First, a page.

A passenger information display sign inside the U Street Metro station (Photo by John Kelly/The Washington Post)

Here in D.C., display boards in Metro stations will tell folks when their train will arrive. Riders can check their Twitter feed or smartphone for alerts on delays as they happen. But now a mathematician in Sweden has come up with an algorithm that will be able to tell travelers about a delay up to two hours ahead of time.

According to the Daily Mail, mathematician Wilhelm Landerholm devised the algorithm by using the mountains of data collected on where trains are at any given time in a system to predict whether riders will face a delay even once a situation has been resolved. The key, it seems, is in the ripple effect. Landerholm calls his model, “The Computer Prognosis.”

The Daily Mail, explains how it all works:

The model works in a similar way to how a seismograph monitors earthquakes, looking for significant peaks.

In The Commuter Prognosis, these peaks are represented by trains pulling into a station later than the scheduled arrival time.

It automatically compares how a similar delay on the same line impacted the network on previous occasions to predict how it will affect the network in the near future.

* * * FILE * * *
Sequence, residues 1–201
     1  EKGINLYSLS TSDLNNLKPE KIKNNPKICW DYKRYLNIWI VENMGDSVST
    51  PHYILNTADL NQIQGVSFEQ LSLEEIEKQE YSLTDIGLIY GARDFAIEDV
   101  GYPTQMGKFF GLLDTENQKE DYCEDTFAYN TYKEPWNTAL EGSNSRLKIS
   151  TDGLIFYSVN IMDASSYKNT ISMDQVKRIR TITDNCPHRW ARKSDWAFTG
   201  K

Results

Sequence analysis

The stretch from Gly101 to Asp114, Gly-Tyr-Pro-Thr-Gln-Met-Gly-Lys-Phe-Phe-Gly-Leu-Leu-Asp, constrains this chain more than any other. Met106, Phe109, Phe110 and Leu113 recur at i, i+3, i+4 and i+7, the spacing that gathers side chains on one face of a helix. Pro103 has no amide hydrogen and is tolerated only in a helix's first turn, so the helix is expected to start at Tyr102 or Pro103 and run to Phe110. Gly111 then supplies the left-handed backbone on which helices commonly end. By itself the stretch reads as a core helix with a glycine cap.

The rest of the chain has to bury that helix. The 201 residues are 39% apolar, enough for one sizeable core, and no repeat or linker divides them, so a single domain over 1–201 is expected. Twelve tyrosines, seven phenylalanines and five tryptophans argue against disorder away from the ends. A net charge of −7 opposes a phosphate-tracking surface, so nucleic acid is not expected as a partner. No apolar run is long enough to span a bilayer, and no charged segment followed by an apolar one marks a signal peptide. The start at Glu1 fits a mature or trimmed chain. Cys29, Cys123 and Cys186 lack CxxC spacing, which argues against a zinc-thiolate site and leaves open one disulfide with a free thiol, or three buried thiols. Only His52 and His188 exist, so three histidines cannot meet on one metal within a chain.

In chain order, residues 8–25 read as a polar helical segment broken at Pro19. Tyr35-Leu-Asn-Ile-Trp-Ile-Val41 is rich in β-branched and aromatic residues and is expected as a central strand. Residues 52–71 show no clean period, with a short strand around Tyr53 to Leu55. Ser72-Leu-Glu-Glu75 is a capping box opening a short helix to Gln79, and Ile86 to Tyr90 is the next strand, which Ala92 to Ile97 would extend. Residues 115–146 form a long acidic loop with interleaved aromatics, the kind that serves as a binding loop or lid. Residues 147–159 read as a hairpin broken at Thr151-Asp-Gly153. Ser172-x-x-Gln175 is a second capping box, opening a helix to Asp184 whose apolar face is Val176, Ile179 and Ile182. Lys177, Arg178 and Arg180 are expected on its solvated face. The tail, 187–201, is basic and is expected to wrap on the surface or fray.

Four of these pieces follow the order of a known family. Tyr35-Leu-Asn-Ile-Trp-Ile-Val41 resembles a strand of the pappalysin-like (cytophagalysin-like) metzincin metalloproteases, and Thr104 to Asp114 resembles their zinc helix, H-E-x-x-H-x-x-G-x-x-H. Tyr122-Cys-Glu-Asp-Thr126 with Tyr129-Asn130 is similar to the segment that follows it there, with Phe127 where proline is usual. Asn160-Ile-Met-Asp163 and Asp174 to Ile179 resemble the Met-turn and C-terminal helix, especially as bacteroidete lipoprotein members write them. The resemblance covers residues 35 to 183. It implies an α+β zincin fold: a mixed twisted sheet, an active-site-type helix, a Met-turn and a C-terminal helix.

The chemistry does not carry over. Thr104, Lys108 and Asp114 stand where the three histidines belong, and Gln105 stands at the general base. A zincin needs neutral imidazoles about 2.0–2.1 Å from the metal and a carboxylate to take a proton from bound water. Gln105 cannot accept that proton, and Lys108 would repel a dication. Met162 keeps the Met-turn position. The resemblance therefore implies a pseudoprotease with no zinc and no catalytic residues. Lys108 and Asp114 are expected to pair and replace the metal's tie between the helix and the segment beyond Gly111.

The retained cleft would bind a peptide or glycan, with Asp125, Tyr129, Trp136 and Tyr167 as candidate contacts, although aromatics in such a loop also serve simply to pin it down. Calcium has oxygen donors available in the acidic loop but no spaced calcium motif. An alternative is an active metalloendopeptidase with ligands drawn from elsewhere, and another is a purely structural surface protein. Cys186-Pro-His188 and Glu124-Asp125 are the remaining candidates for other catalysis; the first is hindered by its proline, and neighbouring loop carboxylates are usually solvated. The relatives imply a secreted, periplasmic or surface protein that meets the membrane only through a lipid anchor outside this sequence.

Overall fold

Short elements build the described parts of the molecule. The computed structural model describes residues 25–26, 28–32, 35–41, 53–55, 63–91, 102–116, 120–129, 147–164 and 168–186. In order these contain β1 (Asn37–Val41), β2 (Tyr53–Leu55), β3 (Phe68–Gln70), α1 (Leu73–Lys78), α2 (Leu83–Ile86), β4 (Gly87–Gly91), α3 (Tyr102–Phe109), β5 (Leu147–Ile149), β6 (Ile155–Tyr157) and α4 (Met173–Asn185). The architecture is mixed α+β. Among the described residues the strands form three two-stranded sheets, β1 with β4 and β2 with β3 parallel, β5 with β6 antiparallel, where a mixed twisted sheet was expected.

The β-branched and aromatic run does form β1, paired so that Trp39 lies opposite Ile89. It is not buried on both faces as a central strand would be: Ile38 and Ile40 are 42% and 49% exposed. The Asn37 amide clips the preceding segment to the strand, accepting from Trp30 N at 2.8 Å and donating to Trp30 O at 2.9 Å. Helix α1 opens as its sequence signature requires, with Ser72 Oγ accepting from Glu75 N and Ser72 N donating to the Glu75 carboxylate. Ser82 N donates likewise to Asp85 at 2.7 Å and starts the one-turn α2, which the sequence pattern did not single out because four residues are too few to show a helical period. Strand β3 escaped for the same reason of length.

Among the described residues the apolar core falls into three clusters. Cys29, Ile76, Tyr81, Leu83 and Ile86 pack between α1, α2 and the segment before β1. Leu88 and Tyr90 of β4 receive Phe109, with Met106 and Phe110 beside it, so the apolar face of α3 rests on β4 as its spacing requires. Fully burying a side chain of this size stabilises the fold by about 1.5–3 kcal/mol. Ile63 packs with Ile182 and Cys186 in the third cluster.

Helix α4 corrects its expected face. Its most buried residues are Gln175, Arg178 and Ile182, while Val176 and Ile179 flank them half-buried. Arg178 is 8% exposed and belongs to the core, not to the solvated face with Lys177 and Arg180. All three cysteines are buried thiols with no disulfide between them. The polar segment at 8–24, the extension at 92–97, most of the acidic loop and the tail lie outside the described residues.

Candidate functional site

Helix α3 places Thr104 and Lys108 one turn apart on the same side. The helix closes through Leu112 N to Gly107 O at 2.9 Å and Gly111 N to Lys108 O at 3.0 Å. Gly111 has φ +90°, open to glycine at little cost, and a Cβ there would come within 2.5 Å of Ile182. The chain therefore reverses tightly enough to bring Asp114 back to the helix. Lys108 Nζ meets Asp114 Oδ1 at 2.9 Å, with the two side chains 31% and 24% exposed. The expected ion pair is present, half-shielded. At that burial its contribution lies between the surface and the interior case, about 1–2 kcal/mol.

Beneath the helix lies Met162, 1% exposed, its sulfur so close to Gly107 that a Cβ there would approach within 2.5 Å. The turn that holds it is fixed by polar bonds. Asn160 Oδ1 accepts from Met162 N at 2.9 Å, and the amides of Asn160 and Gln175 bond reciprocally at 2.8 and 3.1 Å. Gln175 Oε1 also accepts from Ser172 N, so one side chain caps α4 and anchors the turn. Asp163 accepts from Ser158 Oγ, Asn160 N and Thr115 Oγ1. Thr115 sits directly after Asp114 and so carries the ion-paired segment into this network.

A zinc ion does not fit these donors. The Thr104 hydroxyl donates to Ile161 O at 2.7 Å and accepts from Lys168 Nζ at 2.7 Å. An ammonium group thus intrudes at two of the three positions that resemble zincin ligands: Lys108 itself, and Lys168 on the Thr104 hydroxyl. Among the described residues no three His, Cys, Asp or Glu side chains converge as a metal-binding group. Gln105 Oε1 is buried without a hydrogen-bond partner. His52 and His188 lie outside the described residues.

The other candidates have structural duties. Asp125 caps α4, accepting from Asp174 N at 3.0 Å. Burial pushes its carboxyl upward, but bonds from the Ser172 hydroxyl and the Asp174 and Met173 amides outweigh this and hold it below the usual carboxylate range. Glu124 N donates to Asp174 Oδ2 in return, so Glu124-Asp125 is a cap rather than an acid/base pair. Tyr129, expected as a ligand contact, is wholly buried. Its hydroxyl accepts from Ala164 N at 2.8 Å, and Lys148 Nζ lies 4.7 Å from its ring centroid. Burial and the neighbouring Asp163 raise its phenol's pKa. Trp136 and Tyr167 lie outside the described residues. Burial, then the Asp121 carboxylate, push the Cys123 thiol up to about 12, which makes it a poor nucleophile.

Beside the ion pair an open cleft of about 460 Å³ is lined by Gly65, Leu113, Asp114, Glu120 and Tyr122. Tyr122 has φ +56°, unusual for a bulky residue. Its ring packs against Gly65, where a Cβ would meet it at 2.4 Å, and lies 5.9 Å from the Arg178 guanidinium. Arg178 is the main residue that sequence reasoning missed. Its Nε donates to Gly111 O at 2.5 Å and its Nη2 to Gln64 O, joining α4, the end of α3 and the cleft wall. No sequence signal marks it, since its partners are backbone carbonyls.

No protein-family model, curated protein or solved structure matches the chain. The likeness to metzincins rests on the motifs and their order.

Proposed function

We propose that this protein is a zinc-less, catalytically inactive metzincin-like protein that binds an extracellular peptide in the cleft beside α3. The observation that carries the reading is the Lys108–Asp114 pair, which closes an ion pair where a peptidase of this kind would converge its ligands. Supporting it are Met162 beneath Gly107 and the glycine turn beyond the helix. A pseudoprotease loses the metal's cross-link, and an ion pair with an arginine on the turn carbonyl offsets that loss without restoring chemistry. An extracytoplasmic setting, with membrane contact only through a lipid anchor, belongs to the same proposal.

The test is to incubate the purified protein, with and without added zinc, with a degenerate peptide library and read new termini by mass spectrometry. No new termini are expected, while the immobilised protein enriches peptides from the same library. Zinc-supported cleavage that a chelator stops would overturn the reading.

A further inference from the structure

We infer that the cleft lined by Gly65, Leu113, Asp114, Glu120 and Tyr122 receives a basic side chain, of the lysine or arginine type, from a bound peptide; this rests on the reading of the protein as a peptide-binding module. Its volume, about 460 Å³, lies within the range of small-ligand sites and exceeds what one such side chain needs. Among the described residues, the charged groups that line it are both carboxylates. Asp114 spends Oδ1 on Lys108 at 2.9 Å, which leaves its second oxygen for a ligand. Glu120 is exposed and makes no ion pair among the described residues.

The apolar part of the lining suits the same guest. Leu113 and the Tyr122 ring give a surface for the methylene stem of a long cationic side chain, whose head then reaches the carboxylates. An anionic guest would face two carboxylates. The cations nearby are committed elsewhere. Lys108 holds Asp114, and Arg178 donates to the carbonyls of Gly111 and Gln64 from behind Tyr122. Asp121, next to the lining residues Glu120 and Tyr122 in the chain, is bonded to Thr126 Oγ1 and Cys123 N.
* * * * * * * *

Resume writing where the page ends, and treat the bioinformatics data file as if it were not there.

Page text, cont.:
Traffic control centres are then able to issue extra trains, or take trains out of service, to balance demand.

The Commuter Prognosis can also be used to warn commuters of delays in advance, to help them plan their journey better.

For example, if a commuter is told there is a chance there will be a delay of 10 minutes on their line in two hours’ time they can set off earlier or choose an alternative route.

By warning commuters of problems ahead of time, it might also help reduce overcrowding associated with delays or it might enable the system to send in additional trains to compensate for the delays.

Given Metro’s recent track record for on-time performance has been less than stellar, some may see value in just such an algorithm. At least one person who spotted the story on Gizmodo, however offered this snarky take on how the algorithm could be used here.

in the case of Washington, DC’s metro system we’d probably be better served with an algorithm to detect when the system will be on time since we usually add an extra 30-60 minutes from experience.

(HT Planetizen.com)